Major disputes[edit]


The status of the Crimea and of the city of Sevastopol is currently under dispute between Russia and Ukraine; Ukraine and the majority of the international community consider the Crimea to be an autonomous republic of Ukraine and Sevastopol to be one of Ukraine's cities with special status, while Russia, on the other hand, considers the Crimea to be a federal subject of Russia and Sevastopol to be one of Russia's three federal cities since the March 2014 annexation of Crimea by Russia.[4][5] Since 1991 Russia also leases Sevastopol Naval Base with current lease extending to the 2040s with an option for another extension, but the Russian State Duma approved the denunciation of this lease agreements unanimously by 433 members of parliament on 31 March 2014.[6]

Tuzla Spit and Azov Sea basin[edit]

Tuzla Spit island (center). View from Mount Mithridat (Kerch, Ukraine).

The island Tuzla Spit became a major dispute between Russia and Ukraine in 2003. The island is located in the Kerch Strait and administratively is part of Crimea. During the Soviet period the island along with Crimea was transferred to Ukraine in 1954, the fact which was also fiercely contested by several Russian politicians the legal background of the territorial change.

The main trade routes lay completely within the deeper part of the Kerch Strait which is located between the island and Crimea and considered a part of territorial waters of Ukraine. On the other hand, ships are impeded to travel to the east of the island (towards the Taman peninsula) due to the fact that there are shallow waters. Between Tuzla and Taman peninsula are two channels, however none of them are deeper than 3 m (9.8 ft). The fish spawn also mainly takes place in the territorial waters of Ukraine, which is favorable for the fishing industry of Crimea. The intensity of the conflict increased due to the forecast of locations of oil and gas in the area and the lack of an established and ratified international border between Russia and Ukraine. On the proposition of the Russian side it is offered for the border to stretch along the bed of the territorial waters, while sharing the use of Azov Sea and Kerch Strait waters.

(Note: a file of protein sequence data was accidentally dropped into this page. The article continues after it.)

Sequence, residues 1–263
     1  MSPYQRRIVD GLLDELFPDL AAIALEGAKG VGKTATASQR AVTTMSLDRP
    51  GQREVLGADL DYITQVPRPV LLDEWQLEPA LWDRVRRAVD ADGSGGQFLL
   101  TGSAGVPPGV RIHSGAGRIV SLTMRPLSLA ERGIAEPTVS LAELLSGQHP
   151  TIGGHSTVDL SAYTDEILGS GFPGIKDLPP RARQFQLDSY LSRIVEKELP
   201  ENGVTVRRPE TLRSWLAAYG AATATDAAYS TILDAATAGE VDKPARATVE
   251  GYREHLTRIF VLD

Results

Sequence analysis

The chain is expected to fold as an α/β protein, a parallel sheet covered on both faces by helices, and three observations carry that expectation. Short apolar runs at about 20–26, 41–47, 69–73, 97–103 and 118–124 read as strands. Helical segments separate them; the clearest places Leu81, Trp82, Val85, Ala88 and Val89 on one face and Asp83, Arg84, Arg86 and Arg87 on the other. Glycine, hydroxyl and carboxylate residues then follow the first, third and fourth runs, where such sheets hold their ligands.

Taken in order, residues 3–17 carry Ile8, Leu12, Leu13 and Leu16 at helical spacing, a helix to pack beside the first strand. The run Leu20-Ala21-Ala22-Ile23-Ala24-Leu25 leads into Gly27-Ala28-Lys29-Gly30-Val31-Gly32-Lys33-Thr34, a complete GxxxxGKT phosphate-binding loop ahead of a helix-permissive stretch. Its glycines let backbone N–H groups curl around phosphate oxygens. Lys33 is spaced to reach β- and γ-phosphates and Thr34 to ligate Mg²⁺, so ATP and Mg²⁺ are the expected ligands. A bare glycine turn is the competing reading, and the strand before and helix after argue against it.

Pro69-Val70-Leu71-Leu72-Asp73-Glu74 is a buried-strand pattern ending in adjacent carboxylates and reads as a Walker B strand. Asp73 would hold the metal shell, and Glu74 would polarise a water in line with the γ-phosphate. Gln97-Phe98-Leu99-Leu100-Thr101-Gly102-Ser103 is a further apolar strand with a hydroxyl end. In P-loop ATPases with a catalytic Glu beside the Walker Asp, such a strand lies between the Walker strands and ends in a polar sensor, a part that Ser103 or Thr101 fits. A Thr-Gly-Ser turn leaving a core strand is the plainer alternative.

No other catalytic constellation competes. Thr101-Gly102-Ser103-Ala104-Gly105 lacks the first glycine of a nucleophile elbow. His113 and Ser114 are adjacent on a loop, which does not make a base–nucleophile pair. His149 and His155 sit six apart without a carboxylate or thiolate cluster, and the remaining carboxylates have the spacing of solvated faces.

Historical overview

Until 1925 the island was part of the Taman spit located within the Kuban-Black Sea Oblast and later the North Caucasus Krai. During a big storm that took place in the Kerch Strait the western portion of the spit was separated from continent becoming an island. On January 7, 1941, during the World War II the island was transferred to the Crimean Autonomous Soviet Socialist Republic (later Crimean Oblast) which in 1954 was transferred to Ukraine.

Snake Island (settled dispute)[edit]

Final ruling of ICJ

From the times of Ukraine gaining its independence the Snake island, the Ukrainian territorial waters, and the Exclusive Economic Zone (EEZ) of Ukraine was contested by Romania.

At first Romania did not recognize the island as part of the Ukrainian territory, but later its belonging was not discussed. However Romania decided to reclassify the island as a rock without the rights on the adjacent territorial waters and EEZ. The island which has an area of 16 ha (40 acres) is strategically important for the control over the Danube delta and the surrounding water areas.

Currently the dispute is settled and the Snake island was recognized as the part of Ukrainian territory, however its adjacent waters (EEZ of Ukraine) became limited.

See also[edit]


  1. ^ Law of Ukraine on the State Border of Ukraine
  2. ^ Law of Ukraine "On State Border of Ukraine"
  3. ^ General characteristics of the Ukrainian border at the State Border Guard of Ukraine website
  4. ^ Gutterman, Steve. "Putin signs Crimea treaty, will not seize other Ukraine regions". Retrieved 26 March 2014. 
  5. ^ Ukraine crisis timeline, BBC News
  6. ^ State Duma approves denunciation of Russian-Ukrainian agreements on Black Sea Fleet, ITAR-TASS (31 March 2014)

External links[edit]